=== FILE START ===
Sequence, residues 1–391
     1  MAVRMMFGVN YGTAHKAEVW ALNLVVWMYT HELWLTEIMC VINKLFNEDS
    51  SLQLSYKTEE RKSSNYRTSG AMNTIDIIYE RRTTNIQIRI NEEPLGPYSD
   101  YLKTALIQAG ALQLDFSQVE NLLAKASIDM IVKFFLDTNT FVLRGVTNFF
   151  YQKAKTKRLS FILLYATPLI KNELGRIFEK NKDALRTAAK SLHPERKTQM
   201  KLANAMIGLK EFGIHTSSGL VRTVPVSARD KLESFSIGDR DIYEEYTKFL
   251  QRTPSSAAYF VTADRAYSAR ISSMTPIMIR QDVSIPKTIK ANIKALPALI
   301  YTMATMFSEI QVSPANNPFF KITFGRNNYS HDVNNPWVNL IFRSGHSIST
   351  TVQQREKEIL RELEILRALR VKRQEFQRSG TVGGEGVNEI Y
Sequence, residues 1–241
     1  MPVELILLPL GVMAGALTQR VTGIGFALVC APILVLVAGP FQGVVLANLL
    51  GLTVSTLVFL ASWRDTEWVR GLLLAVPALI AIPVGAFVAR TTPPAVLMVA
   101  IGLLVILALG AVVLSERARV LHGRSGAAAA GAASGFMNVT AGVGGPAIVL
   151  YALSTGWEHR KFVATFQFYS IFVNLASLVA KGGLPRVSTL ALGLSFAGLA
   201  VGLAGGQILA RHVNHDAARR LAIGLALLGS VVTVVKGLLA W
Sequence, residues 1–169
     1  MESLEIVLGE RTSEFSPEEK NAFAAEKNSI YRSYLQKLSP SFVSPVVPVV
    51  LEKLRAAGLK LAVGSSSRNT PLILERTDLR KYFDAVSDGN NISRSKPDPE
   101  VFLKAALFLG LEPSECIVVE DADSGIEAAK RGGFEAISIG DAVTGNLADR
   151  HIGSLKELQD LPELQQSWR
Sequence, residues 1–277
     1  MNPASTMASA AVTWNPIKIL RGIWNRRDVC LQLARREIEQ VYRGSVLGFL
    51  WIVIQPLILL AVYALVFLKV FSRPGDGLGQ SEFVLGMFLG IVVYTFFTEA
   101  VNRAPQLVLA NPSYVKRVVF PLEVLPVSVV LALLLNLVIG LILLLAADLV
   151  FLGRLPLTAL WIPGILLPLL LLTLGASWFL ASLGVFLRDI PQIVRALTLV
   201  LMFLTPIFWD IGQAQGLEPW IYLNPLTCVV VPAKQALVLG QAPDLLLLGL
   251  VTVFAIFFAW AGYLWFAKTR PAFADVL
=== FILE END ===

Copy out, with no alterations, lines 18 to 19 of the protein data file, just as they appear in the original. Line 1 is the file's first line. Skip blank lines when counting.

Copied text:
    51  LEKLRAAGLK LAVGSSSRNT PLILERTDLR KYFDAVSDGN NISRSKPDPE
   101  VFLKAALFLG LEPSECIVVE DADSGIEAAK RGGFEAISIG DAVTGNLADR